- Set-up the game. Drop a treat or 1-3 pieces of kibble in each muffin hole, and cover each hole with a tennis ball.
- Place the muffin tin on the floor. Once all the muffin holes are covered, place the muffin tin on the floor, call your dog over and let them get to work finding their reward!
The Treat Toss Game provides a great opportunity for your dog and child to build a good association with each other, while maintaining space. Once your dog and child are calm:
- Place a bowl on the ground and have your kids stand five feet away
- Next, give your kids a handful of treats and have them toss one treat at a time into the bowl
- Make sure they wait for your dog to finish eating the first treat before throwing a second treat
- This game will help your dog get used to your kids and associate them with good things like treats!
Hide and Seek
Being able to call your dog away from a thing or situation that’s dangerous, is a crucial skill and could potentially save your dog’s life. Thankfully that can help you practice your dog’s recall! Hide and Seek is a fun game to teach your dog to come. Here’s how to play:
- Invite a friend over and ask them to hold your dog on one side of the room. Use a leash if your dog isn’t totally comfortable being handled.
- You grab a treat or your dog’s favorite toy, show it to your dog, and then run and hide.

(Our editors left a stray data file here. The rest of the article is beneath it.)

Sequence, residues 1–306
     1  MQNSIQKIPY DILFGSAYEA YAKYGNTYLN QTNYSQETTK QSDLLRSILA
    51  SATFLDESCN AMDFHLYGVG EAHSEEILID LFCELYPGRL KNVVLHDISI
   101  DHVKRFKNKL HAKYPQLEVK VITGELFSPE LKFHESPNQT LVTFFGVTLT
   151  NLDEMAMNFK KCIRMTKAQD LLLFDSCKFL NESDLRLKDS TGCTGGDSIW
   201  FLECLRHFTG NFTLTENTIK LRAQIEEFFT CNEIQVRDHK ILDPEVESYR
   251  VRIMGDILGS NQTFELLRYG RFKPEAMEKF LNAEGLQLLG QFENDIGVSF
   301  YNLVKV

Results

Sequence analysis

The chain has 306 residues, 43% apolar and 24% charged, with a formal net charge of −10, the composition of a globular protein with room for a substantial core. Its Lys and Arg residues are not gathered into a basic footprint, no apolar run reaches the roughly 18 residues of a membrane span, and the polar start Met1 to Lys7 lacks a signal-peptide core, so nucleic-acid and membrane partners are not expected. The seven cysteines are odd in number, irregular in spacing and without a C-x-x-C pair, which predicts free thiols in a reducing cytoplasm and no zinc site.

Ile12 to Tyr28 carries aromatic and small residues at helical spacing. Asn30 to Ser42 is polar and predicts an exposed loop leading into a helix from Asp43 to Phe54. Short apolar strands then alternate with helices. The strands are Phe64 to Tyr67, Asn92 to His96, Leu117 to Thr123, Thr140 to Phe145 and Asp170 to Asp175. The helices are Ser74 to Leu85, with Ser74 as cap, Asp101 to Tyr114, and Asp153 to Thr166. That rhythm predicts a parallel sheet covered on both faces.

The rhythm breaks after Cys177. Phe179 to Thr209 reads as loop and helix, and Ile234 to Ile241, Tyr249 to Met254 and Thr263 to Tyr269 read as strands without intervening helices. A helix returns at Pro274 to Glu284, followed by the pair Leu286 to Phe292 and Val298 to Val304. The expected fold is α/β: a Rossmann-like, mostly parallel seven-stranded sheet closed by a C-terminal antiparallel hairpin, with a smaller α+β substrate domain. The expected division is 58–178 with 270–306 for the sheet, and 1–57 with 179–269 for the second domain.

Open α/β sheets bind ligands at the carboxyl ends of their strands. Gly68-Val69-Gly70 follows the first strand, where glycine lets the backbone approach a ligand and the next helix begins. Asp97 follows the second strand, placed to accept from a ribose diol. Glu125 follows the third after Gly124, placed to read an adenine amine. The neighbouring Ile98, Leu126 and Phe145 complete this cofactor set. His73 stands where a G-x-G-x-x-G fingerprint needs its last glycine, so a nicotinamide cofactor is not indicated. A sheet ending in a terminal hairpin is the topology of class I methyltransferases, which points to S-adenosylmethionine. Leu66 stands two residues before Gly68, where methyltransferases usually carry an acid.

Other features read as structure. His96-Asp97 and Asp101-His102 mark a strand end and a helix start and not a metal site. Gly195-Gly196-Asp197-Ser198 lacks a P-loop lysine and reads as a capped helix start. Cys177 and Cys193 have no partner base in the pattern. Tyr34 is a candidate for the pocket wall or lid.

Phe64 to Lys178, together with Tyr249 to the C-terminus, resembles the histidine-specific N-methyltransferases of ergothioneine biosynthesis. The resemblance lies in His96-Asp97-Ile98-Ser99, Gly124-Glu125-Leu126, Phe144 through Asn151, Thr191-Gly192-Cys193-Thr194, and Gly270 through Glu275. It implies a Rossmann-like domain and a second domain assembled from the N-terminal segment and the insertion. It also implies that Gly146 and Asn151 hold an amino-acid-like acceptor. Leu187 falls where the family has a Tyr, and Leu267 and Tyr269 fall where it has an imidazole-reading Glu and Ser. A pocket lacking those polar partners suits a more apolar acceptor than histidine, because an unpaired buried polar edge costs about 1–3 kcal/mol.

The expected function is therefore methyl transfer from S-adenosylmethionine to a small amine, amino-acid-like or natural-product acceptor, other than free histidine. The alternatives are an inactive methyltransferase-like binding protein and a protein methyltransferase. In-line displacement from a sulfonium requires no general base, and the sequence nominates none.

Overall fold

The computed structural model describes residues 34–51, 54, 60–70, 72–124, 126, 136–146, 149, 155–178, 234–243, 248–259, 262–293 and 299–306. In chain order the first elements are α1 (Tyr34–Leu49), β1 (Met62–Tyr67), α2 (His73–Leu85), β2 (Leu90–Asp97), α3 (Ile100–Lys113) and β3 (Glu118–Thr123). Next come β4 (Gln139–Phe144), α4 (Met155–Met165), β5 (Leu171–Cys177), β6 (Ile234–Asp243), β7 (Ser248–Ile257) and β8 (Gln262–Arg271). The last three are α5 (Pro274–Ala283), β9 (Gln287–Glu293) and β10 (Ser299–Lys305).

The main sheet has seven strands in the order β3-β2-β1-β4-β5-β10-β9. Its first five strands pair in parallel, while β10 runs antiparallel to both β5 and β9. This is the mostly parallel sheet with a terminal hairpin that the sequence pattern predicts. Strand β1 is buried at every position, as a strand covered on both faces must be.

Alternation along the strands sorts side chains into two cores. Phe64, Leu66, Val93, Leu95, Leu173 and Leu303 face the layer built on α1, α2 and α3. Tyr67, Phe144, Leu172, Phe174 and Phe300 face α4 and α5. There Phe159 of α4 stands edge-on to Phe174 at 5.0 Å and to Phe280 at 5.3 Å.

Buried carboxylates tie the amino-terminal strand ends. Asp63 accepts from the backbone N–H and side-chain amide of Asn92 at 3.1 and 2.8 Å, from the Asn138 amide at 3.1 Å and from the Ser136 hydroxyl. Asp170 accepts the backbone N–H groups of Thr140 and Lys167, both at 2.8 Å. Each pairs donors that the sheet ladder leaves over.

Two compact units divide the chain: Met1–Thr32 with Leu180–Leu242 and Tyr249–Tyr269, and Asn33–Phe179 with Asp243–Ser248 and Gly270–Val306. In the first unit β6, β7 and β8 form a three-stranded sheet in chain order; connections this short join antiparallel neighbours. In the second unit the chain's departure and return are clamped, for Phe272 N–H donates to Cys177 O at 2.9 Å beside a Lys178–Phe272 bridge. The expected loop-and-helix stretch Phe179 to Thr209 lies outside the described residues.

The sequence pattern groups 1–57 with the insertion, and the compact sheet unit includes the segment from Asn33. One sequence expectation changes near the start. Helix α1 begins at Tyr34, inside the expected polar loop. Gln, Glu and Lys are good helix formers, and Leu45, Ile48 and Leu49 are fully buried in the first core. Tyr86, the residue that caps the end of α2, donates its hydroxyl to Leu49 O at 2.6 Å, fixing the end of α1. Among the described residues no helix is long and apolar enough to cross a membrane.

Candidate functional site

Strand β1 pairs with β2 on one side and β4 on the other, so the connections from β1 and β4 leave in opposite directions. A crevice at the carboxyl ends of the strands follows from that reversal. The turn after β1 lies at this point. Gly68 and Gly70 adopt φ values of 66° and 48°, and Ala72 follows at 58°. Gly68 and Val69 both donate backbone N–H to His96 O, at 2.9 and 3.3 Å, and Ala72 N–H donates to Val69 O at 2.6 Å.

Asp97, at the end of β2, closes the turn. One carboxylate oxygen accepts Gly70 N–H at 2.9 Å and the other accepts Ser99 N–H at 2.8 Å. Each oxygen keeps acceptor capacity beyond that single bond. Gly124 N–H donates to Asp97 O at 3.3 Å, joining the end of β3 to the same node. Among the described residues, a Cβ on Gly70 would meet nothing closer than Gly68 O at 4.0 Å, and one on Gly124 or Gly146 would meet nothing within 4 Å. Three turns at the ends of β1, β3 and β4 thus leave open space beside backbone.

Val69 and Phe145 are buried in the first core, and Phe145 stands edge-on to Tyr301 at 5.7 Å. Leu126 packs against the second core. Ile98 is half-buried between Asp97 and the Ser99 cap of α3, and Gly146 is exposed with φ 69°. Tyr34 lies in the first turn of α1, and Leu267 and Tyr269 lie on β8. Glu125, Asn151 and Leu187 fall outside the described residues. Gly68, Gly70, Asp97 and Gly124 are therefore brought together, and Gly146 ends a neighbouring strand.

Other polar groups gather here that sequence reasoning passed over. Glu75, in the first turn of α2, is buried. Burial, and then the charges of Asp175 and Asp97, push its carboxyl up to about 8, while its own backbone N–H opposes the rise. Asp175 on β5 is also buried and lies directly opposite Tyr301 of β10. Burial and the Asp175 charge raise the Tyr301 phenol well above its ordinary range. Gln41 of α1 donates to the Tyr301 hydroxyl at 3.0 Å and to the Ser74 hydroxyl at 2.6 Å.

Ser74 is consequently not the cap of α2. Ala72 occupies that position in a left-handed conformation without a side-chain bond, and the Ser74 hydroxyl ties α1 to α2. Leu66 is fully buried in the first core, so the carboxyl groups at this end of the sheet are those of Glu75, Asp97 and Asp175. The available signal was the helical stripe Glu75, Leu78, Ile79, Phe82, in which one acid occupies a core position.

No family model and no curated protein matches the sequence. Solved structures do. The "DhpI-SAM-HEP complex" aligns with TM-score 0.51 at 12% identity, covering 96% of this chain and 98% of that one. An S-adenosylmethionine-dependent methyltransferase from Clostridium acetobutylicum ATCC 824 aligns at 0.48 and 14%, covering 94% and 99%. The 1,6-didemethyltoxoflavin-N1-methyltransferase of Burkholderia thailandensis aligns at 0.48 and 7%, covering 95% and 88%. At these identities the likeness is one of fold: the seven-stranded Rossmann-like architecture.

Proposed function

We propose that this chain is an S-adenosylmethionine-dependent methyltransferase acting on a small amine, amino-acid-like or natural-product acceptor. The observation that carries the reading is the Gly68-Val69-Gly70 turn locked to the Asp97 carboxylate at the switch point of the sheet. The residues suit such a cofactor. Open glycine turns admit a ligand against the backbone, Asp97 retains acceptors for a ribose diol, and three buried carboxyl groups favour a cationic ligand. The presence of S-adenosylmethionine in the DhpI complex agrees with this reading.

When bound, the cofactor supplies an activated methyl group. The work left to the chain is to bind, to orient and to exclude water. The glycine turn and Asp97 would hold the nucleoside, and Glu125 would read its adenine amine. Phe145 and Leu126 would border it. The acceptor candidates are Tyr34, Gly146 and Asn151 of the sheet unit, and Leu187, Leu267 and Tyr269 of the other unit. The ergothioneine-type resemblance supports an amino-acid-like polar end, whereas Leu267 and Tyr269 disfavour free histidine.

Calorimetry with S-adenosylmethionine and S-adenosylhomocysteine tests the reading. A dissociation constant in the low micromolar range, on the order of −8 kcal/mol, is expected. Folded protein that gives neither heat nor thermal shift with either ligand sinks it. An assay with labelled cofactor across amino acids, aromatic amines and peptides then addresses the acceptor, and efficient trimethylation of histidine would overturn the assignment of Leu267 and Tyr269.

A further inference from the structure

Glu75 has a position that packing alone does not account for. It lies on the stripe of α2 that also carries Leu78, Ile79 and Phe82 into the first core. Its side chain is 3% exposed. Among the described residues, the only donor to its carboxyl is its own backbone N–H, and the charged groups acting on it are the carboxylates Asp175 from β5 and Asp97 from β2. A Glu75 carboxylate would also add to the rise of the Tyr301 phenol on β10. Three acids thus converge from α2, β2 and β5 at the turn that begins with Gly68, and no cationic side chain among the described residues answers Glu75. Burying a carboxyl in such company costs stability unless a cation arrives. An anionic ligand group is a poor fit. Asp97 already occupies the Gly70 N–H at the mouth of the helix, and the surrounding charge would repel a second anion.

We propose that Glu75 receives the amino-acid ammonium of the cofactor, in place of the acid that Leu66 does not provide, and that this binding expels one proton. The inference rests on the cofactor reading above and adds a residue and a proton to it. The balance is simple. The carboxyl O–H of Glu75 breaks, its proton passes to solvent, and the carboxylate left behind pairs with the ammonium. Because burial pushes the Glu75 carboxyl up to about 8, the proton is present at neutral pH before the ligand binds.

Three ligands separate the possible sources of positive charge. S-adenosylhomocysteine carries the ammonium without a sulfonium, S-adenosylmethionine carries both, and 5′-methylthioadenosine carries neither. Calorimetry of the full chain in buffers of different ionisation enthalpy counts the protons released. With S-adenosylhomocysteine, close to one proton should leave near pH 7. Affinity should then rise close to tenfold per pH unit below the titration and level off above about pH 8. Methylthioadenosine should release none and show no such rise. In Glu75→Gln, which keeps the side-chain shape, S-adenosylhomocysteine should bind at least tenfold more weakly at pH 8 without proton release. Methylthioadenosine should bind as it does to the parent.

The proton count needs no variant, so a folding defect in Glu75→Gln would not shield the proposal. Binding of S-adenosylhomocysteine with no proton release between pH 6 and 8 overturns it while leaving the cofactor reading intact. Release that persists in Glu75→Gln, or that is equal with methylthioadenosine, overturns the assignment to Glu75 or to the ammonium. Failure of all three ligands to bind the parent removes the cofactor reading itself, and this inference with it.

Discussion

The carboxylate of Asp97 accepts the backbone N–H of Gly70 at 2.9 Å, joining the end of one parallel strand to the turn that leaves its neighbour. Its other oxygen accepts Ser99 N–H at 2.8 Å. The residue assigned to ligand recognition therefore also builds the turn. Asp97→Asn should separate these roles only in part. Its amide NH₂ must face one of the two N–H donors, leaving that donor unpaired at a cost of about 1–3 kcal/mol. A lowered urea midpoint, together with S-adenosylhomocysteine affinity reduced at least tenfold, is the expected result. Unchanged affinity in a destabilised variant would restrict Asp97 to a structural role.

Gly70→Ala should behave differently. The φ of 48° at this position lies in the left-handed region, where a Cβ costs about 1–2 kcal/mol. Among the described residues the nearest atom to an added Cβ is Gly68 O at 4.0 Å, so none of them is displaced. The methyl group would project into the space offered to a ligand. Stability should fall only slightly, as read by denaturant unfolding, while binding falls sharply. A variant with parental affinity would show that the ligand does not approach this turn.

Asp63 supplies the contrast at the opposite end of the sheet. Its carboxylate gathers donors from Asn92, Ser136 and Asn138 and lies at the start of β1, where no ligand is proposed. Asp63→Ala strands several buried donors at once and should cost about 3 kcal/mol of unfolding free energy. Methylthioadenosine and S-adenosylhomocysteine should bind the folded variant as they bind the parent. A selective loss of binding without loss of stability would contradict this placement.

- Once you’ve found your hiding spot, yell “Come!” and have your friend release your dog.
- When your dog finds you, give them their treat or toy and shower them with praise. You want your dog to think, “When I respond to ‘Come’, good things happen!”
Pro tip: To make sure your dog doesn’t get frustrated, choose easy hiding spots at first. Once your dog gets the hang of the game, and they have more reliable recall, you can make things more challenging by hiding in less obvious places!
The Mouse Game
The Mouse Game is a great game to help your dog focus, and it can be especially helpful to build confidence and encourage playfulness in dogs that are fearful or nervous. To play the game:
- Show your dog a treat and then make a fist with your hand around the treat
- Bring your hand down to the ground
- Move your hand back and forth, and then flick the treat so that your dog has to chase it. To keep your dog on their toes, flick the treat in a different direction each time!
Frequently Asked Questions About Training Games for Your Dog
How can I make training more fun for my dog?
To make sure your dog is always having a good time during training sessions, be aware of how they’re feeling. If they’re disinterested or unengaged, it may be time to pack it in for the day, try different rewards, or play a game such as 2 Ball Fetch or Tug-o-War. By playing games you can work on behaviors like “Come” and “Drop it”, while simultaneously having fun and giving your dog the opportunity to burn energy!
What games do dogs like to play?
Every dog is different, but games that dogs commonly like to play involve sniffing, chasing, tugging, eating, digging and retrieving items. A few of the most popular games are 2 Ball Fetch, Tug-o-War, The “Oops!” Game, The Elevator Game, The Muffin Tin Game, Treat Toss, Hide and Seek, and The Mouse Game.
Do dogs get bored of training?
Yes, dogs can get bored of training. This can happen if the length of the training session is too long, the rewards are underwhelming or there are other distractions capturing their attention. To reduce the likelihood that your dog gets bored: keep training sessions short (5-15 minutes per day), ensure you have treats and other rewards that capture your dog’s attention, and practice training in quiet areas of your home.